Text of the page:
What Blue Cross has to pay to cover healthcare services for folks directly affects what you pay in premiums. And these three trends that increased the cost of care caused much of the increases you will see in 2024.

When we look at sites of service across the state, we see mammograms that cost four times as much in some settings as in others. Those most-expensive sites are typically hospital based-or-owned. And we are seeing similar trends, HUGE differences in pricing, in other services like lab work, radiology and colonoscopies.  The “where” is often more important in pricing than the “what” or the “why.”

The National Picture

This massive discrepancy in prices between different locations has led to a national call for a new rule called “site-neutral payments.”  Congress is debating this, and U.S. Centers for Medicare and Medicaid Services (CMS) is studying it right now.

The concept is very simple: big third-party payers (think Medicare or Medicaid) would set a single price for a single procedure and then pay that same amount no matter WHERE you have it done. I would expect health insurance companies to quickly follow suit once site-neutral payments for government health programs are in place. Since cost-sharing for the average person is now higher every year, the actual cost of those procedures, especially when you have them early in the year, often comes right out of your pocket. Wouldn’t you like to save a few bucks?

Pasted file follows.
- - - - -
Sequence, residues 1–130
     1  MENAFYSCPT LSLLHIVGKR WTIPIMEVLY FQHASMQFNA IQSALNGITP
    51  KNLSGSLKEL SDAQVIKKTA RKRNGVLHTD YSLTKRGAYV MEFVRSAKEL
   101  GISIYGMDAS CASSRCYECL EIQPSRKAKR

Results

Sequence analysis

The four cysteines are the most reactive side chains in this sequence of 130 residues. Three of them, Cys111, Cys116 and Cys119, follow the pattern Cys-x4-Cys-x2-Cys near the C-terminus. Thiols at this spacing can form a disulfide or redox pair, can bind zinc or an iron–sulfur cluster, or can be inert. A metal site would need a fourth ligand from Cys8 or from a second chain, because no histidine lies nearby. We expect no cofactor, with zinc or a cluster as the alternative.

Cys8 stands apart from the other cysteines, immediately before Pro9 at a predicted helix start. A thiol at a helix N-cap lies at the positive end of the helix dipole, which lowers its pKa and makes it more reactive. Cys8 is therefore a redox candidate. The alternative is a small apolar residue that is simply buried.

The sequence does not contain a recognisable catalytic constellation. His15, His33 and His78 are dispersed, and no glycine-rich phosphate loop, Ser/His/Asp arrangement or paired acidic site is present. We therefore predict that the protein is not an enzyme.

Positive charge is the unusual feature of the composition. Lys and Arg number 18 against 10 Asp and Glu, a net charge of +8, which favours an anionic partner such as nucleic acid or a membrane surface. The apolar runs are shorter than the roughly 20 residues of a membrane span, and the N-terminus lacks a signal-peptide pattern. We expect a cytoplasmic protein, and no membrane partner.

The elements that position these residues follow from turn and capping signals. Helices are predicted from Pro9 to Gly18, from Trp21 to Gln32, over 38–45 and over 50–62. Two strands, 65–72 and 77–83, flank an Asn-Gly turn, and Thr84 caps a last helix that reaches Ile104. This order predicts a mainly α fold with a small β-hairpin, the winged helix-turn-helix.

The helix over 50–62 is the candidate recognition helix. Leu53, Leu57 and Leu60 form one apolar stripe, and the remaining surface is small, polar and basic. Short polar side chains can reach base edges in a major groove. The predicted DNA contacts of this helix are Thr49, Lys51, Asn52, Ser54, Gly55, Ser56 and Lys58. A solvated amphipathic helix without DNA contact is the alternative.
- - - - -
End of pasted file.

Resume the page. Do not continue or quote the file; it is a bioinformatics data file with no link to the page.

How You Can Save Money on Healthcare

The good news is that even today if you need to have a procedure, we’ve made it easy for you to shop around ahead of time and find the lowest-cost option. By using our cost estimator tool, you can then search costs for the care you may need. Just log in to your Blue Cross member portal, and, in a few clicks, you’ll see how different healthcare clinics and facilities in your network compare cost-wise to each other.

You can look up most procedures that you’d need to schedule in advance (colonoscopy, mammogram, MRI, etc.) to compare costs before you go. Keep in mind you don’t have to go to the site of service that your doctor referred you to if you find a cheaper option you want to use. As long as the lower-cost site is in your network, you can ask your doctor to refer you there. Taking the time to shop for these health services can help you save on your out-of-pocket costs like your deductible and coinsurance. And, you can help protect your health insurance rates by choosing wisely.

We work hard every year to project how much more healthcare is going to cost in the next year, and the year after that. We expected increased costs from factors like inflation, labor shortages in healthcare, and higher and higher prescription drug prices. What we didn’t expect was for patients to suddenly start seeking treatment—in larger numbers—in the absolute most-expensive settings. And, we know the cost of getting healthcare services never gets lower. So, taking a few minutes to compare prices online is the best thing we, as patients, can do to make a difference. Keep in mind that spending more money is not buying better care. It’s just more money out of your pocket.

Mike Told Me “You’d Better Shop Around”

To get real specific about how much more expensive some sites can be, I searched for a procedure I had in December 2023, a colonoscopy with biopsy.

Within 25 miles of me, I found eight sites that do colonoscopies, and all of them were in my network. The cost comparison tool showed me my estimated costs at each location. When I clicked on the provider profile, it showed me what I would pay toward my copay, deductible and coinsurance (whichever is applicable) and what my plan pays. My costs were estimated between $872 to more than $1,200. And Blue Cross would have to pay anywhere from $800 to $4,000! Just based on where I choose to have this procedure!